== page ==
Bo Burnham’s debut feature length will bring to mind every teenage insecurity you ever had, have you watching through your fingers at various moments, may possibly lead to hysterical tears…and yet, believe it or not, is ultimately up-lifting.

Elsie Fisher is sensational as Kayla, a friendless teenager determined to start high school a new and improved version of herself – but, in the end, she realises that embracing her real self will lead to a more rewarding future. (Which may seem obvious, but is something that plenty adults fail to register).

Eighth Grade is perceptive rather than preachy and the teens presented really act the way today’s adolescents do; YouTube creator Kayla is obsessed with social media, while  wacky tv show Rick and Morty gets a mention.

Definitely the peak of the last decade’s coming-of-age dramas.

10) Us (Jordan Peele, 2019)

I initially felt two Jordan Peele movies would overcrowd the list, but seeing as Get Out and Us are the two best films in recent times, we’ll let it slide.

The plot follows an ordinary mum who’s harbouring a big secret; and, when she and her family return to the location of a childhood beach holiday, terror unfolds as the ‘tethereds’ – carbon copies of everyone on earth, who have been trapped underground, forced to live a miserable version of their above-ground selves, emerge from underneath.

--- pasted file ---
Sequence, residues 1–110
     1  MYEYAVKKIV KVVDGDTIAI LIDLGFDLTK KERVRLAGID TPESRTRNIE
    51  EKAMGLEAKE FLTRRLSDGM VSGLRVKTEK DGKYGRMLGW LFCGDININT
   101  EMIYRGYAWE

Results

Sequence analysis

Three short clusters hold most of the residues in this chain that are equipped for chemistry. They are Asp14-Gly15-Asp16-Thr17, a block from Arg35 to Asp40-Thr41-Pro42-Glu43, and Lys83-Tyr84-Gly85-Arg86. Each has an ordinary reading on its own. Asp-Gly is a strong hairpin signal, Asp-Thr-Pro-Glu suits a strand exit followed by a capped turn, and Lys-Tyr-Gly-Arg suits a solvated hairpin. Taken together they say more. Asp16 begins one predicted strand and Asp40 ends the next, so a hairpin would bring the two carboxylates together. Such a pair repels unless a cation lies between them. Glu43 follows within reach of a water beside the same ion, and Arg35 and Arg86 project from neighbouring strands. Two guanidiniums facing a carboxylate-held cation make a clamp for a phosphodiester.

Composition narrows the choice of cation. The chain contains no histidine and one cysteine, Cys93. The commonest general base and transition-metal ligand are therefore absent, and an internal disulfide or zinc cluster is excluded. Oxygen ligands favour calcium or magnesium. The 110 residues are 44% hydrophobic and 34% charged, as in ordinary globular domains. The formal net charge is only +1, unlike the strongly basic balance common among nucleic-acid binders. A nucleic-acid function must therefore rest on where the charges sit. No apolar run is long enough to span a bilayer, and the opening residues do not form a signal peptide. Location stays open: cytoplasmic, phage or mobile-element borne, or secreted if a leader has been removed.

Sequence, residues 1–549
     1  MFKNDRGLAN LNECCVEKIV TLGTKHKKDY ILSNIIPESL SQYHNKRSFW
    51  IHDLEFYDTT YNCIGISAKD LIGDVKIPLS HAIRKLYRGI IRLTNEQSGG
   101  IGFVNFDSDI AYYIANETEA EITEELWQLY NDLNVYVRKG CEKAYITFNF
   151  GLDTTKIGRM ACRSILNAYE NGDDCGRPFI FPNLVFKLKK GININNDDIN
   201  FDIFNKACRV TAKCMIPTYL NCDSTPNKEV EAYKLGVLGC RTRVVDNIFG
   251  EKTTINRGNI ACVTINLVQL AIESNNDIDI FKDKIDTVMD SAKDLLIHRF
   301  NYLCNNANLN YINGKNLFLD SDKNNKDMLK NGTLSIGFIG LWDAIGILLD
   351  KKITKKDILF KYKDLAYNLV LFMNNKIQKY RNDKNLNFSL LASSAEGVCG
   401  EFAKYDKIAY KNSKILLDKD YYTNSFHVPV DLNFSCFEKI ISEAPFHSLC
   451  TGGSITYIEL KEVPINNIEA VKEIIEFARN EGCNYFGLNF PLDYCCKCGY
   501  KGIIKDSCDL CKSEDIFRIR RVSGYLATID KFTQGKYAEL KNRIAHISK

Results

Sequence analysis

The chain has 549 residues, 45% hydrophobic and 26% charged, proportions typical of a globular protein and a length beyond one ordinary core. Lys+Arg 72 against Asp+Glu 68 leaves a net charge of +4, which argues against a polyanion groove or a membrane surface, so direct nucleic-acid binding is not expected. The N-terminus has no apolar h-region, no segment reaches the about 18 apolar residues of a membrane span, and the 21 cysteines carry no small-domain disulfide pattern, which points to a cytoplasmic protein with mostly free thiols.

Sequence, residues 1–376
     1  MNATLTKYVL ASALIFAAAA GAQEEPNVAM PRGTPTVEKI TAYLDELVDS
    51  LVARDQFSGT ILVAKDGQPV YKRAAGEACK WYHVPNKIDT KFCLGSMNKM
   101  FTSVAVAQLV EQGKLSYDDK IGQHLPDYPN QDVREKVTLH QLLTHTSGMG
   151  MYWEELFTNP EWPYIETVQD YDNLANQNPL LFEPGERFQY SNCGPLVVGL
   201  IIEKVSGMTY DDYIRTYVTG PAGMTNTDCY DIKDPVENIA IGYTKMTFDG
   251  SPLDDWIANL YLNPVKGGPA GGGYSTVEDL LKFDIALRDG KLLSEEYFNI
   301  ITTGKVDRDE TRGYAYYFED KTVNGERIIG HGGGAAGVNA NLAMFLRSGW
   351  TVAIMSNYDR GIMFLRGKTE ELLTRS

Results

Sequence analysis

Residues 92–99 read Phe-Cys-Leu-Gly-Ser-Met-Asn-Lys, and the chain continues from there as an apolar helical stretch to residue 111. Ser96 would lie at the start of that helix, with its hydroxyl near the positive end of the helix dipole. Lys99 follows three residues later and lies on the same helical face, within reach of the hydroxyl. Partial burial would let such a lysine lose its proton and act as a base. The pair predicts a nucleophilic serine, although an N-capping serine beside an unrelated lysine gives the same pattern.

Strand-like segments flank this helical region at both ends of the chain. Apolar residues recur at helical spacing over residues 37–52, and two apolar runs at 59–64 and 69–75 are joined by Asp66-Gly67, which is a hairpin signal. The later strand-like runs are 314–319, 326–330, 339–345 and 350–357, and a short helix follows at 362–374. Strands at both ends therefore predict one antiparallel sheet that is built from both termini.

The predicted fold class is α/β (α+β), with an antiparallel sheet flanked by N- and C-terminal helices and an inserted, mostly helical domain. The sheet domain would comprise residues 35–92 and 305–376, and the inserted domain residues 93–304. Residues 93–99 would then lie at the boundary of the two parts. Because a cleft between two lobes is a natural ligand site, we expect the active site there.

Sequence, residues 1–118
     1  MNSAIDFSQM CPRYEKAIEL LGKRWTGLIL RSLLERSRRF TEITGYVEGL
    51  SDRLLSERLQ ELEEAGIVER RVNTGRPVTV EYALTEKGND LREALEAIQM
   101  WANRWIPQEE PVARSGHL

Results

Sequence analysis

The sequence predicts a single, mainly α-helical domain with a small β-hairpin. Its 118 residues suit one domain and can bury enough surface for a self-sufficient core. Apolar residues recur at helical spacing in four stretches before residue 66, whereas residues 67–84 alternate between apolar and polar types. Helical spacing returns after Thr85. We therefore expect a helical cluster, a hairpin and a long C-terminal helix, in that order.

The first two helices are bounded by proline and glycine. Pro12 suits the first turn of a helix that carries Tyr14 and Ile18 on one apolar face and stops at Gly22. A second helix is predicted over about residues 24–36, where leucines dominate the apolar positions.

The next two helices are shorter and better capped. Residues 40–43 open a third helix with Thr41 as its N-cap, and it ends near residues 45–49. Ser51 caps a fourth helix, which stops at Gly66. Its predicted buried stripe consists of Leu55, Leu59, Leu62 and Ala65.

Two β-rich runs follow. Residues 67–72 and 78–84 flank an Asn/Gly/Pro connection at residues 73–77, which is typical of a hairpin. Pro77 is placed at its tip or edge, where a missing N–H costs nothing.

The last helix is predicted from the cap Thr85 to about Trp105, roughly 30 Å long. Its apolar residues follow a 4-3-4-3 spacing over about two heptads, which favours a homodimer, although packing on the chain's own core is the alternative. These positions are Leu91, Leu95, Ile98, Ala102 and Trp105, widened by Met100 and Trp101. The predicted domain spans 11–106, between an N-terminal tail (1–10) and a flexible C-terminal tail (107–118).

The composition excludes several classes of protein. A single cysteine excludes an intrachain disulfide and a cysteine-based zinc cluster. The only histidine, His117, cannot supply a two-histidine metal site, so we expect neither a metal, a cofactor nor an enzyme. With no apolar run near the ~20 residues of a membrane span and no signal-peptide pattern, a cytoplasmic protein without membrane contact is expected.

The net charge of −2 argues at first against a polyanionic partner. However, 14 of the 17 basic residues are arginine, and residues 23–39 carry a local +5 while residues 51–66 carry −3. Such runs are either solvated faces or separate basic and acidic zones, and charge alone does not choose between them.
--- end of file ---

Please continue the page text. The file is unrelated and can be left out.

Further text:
Magnifying this formidable plot are a killer soundtrack, and beautiful cinematography that contains many hidden clues to the plot. Definitely a film that improves with each watch.

Ok, I’ll allow one Superhero Movie.

My personal favourite Superhero/Comic Book movie of the last decade was…

Logan (James Mangold, 2017)

One of the darker films of it’s genre, Wolverine’s final outing was the peak of the newer X-Men films, and gave divisive conclusions to some of the franchise’s more popular characters. (I won’t spoil it any further than that).

Slightly overshadowed by big Marvel movies that debuted at the same time, Logan is well worth a watch if you missed it the first time.